There seems to be some uncertainty about scenery and costume; in Italy, there was a tradition of using painted scenes with perspective with a back drop, but this doesn’t seem to have been the case in Elizabethan theatre, though I am told Jacobean theatre began to get more elaborate. But mainly since there are so many episodes and scene changes in the drama the scenery had to be rather more basic. So, there might be a throne you know to say ‘hey we are in a grand throne room – you can imagine all the other grand architectury stuff yourself, just join the dots losers, what do you want – spoon feeding!?’ sort of thing, probably without the insults. And people say things like hey ‘we are off to Rome now’…so you know, verbal clues and all that. Incidentally, I learn that all this episodic stuff, moving days, and moving places was strictly against the old rules. Apparently Aristotle, when he wasn’t on the bottle, had decreed that all the action should take place in ‘the compass of a single day and in one place’. D’you know, the more I hear about Aristotle – I’m working up to a history of Science at some point – the less I like the bloke. He was a regular old tartar as far as I can see and had Europe in his thrall for centuries on end with all these petty and bossy rules.
Renaissance theatre of course went all over the place in terms of setting, and the costumes could be very grand and became more so as time went by; but they didn’t go in for historical or geographical accuracy, and basically wore the clothes of Renaissance blighty. On occasion they might use a sort of trigger, trope, short hand; so if they were in Rome – they’d chuck on a toga over their doublet and hose. Did the job. Realism therefore in none of this figured very highly. When they exited stage left pursued by a bear, there was no bear.
The actors performing in these theatres still have to be formed into companies sponsored by a noble patron; it’s worth noting by the way that the Patron gave the company no financial security, none what so ever not a sausage, not even a chipolata, or one of those cocktail sausages on a stick. But of course without said Patron they could not have existed, so you know, nerks, and a good prestigious Patron could open up opportunities to perform at court and that sort of thing, so it was important to your money making potential. It seems there became a bit of a hierarchy in the companies; so there were companies for the Earls of Pembroke, Warwick, Derby, Essex, Worcester, Sussex, and Lord Strange; but two of the most prestigious were the Lord Admiral and the Lord Chamberlain. The Companies were formed when a group of investors, maybe half a dozen or so, got together and became ‘sharers’ all taking a financial stake. The sharers might include Actors to boot – so William Shakespeare became a sharer, but then our Billy was an unusually serious kind of man when compared to many of his peers, who kept his head down, plied his trade, built up his fortune and all that. Shakespeare unusually and I think maybe uniquely worked exclusively for the Lord Chamberlain’s men; William was probably an actor as well as playwright, but the leading actor of the company was the famous Richard Burbage. Ben Jonson seemed to have also tried at one stage to become a sharer, but our Ben was a very different character to William, completely financially incontinent, and soon got out of that. The typical company might be composed of around 15 people or so, mainly actors, but there’d be someone to look after the wardrobe, and then a Bookman. They might also have some apprentices attached, but there were to be no women sadly – the young apprentices would often play the women’s roles. Now the Bookman was important, looking after all the scripts, making copies for each actor, working with the Master of the Revels to get approval, and lodging scripts with the Stationers Office, which was the only way to try and keep some sort of copyright over your work.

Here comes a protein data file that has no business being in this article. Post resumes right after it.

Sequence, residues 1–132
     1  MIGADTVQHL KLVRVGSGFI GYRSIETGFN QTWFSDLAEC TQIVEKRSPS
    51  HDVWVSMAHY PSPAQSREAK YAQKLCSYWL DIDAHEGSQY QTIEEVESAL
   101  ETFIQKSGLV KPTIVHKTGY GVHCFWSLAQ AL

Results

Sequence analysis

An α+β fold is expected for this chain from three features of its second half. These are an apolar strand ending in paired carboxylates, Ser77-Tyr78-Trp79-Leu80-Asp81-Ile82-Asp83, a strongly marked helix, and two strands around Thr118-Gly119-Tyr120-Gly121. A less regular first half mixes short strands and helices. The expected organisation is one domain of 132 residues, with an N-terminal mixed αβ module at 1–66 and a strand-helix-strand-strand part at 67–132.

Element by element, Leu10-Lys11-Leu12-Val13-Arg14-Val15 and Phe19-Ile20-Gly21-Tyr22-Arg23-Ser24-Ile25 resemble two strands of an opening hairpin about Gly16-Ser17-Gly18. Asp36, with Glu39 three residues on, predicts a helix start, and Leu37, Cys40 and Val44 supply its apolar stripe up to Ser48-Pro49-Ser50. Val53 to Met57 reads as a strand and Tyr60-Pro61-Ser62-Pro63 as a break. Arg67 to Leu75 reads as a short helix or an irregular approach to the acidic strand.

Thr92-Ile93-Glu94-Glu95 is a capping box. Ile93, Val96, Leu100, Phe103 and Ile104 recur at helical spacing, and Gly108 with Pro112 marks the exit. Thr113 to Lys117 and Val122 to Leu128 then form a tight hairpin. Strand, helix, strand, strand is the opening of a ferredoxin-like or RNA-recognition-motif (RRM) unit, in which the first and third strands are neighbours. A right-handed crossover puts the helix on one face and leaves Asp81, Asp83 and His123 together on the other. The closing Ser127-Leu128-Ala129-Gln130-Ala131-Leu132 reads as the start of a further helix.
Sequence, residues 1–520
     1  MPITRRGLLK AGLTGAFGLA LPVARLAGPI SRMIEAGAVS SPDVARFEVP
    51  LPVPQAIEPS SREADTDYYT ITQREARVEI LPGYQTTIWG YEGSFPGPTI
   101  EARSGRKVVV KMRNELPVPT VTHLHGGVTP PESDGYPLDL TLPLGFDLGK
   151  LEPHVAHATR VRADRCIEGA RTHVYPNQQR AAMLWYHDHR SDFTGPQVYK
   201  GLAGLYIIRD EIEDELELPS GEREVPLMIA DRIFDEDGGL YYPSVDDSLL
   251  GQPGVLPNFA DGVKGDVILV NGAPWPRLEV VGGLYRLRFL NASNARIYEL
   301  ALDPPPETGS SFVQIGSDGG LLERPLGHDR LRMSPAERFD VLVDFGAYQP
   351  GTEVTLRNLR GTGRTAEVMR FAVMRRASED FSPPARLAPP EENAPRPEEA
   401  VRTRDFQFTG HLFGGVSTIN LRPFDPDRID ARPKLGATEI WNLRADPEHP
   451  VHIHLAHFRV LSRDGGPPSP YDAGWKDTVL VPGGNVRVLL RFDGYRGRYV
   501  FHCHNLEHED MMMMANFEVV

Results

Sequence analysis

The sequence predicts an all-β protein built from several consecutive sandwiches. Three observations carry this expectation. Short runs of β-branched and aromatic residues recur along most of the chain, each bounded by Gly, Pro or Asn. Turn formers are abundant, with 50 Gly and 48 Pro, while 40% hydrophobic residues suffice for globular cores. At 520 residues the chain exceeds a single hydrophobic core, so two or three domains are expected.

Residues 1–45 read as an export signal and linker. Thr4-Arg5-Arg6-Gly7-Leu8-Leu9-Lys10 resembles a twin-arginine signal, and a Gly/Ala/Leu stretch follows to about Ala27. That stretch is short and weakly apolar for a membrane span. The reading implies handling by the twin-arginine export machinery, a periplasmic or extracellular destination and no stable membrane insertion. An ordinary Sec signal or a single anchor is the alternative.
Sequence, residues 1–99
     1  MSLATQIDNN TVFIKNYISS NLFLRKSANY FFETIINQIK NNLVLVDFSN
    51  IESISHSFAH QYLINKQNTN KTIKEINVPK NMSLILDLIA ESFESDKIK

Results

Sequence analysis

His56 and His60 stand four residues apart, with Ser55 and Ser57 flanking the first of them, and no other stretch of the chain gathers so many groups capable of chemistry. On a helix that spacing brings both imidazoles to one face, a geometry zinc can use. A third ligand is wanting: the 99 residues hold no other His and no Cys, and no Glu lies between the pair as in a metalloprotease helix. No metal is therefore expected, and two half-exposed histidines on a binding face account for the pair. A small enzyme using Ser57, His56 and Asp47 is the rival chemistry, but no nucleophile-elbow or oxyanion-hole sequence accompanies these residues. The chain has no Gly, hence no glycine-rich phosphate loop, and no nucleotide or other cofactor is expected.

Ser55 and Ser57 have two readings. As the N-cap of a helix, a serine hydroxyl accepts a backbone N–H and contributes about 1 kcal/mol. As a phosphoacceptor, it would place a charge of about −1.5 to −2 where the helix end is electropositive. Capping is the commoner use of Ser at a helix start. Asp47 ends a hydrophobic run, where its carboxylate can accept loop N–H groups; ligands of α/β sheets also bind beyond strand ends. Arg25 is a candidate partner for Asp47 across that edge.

Now the Privy Council worried constantly about all these companies and the impact they would have on the minds and morals of the people. They worried that they would become an alternative source of authority, and look that is a problem is it not? I mean there are probably many people in the world that think Braveheart or U571 are accurate depictions of history for crying out loud. In 1615 an author explained the problem, that
God only gave authority of public instruction and correction but to two sorts of men: to his ecclesiastical ministers and temporal magistrates. He never instituted a third authority of players, or ordained they should work in his ministry, and therefore they are to be rejected with their use and quality
I can see his point; I mean I’m not sure what God did institute by way of authority, but I doubt actors would specifically be high on the list, could be wrong. If you were to select an actor as your primary source of authority, it might be interesting to see who you’d chose though – I can see a good parlour game there. I might choose Norman Wisdom for no particular reason. Your suggestions on a postcard…
Any way back to the question of authority. They were worried about all the social mixing going on in the theatres, all the posh and um, vulgar – their words – rubbing shoulders together and indeed rubbing lord knows what other parts of the human anatomy, even women and alluring maids. And then the content of the plays were often – well – enough to make your chin wobble. Incidentally, the chin wobbling analogy, frequently used in this podcast at various times, comes from my Granny, who’s chin always famously wobbled when she picked up a good hand of cards. Just by the by. So for example, the Elizabethan and Jacobean player attacked the august and super noble and clean living Merchants of London for usury and hard dealing, and its clergy for incompetence and corruption, as in the plays The Ladies of London in 1581, or A looking Glass for London in 1594. To the horror of the authorities and establishment they were clearly guilty of publicising
The faults and scandals of great men, as magistrates, minsters and such as hold public places
and seriously we can’t have that sort of thing going on, where would that all end?
 Girouard, M ‘Life in the English Country House’ p89
 Cook, J Roaring Boys, location 311
 Manley, L Theatre in Doran, S (ed) ‘The Elizabethan World’ p542